Scotland's referendum: What are the issues around pensions?
The issue of pensions has consistently registered as one of the key issues in the independence debate.
A BBC survey of 1,008 adults ranked it second in a list of the 10 things that mattered most - only the economy was deemed more important.
Here, we bring together the main stories, explainers and official documents covering the issue.
What's the current set up?
State pensions are managed by the UK government, which pays £113.10 a week for a single person and £226.20 a week for a couple. Men claim it at 65 and women at 61. By 2028 the new pension age will be 67.
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What could change post-Yes?
In its White Paper on Scottish independence, the Scottish government said the state pension would rise to 66 in 2020 (in line with the rest of the UK) but an independent commission would advise on any changes after that. It also said - in a paper giving more detail to its plan - that it wanted a single state pension to be paid at a similar rate to the rest of the UK.
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What about private pensions?
There has been much discussion about what might happen to private pensions in the event of independence. Some in the pensions industry raise questions about how defined benefit schemes might work if Scotland broke away from the rest of the UK. However, others say expected changes to EU regulations could make it easier to run such schemes across borders.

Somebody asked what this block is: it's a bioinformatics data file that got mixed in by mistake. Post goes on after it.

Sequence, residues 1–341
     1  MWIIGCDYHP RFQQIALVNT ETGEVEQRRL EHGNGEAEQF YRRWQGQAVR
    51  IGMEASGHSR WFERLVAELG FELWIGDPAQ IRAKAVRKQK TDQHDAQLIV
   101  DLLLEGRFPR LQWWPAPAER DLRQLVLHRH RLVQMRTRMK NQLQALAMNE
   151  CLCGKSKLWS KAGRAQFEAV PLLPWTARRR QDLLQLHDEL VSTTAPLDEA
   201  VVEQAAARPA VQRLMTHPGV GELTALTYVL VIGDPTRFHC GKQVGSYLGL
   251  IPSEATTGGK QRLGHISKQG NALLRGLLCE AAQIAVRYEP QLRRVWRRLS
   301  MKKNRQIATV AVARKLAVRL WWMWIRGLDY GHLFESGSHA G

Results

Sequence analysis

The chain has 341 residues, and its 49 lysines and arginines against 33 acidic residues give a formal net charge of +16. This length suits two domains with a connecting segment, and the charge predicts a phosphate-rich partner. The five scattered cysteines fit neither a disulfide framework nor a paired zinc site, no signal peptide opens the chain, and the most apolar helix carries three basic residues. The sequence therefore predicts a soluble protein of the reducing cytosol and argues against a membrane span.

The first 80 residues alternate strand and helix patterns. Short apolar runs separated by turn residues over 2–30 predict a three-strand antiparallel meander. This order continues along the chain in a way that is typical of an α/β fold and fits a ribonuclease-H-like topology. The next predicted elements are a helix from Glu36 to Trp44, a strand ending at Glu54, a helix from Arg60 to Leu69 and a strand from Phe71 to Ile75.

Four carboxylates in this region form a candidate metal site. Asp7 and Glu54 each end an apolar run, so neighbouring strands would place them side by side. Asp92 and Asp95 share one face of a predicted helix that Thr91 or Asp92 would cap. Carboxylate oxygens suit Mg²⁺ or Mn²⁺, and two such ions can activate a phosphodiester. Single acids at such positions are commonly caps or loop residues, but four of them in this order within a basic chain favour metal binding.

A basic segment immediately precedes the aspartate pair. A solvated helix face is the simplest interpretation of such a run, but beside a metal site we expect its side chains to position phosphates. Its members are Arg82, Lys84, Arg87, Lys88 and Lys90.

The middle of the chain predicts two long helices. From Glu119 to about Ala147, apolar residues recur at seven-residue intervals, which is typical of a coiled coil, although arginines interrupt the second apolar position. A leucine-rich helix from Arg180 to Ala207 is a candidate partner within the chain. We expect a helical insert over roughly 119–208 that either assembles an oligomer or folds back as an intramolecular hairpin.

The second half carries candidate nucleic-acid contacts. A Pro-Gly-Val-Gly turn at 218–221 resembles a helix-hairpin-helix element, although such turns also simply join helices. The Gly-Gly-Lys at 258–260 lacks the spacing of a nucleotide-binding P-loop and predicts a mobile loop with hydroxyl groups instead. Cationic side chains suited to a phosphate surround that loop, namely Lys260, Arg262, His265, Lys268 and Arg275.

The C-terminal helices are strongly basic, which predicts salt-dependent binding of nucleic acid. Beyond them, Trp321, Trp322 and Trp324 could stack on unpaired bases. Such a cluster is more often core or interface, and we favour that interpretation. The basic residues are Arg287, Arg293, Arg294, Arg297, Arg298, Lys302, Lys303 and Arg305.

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Who is saying what, including you?
Politicians, academics, industry experts and members of the public have had much to say about the current pensions system and what might happen to it in the event of a "Yes" vote.
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Big reading - pensions reports in full
- Scottish government: Pensions in an Independent Scotland
- Scotland analysis: Work and pensions (From Department of Work and Pensions)
- ICAS - Scotland's pensions future: What pensions arrangements would Scotland need?
- Life expectancy and the state pension - Communities Analytical Services, May 2014
- ... and for more reading on the referendum debate go to the BBC's Referendum library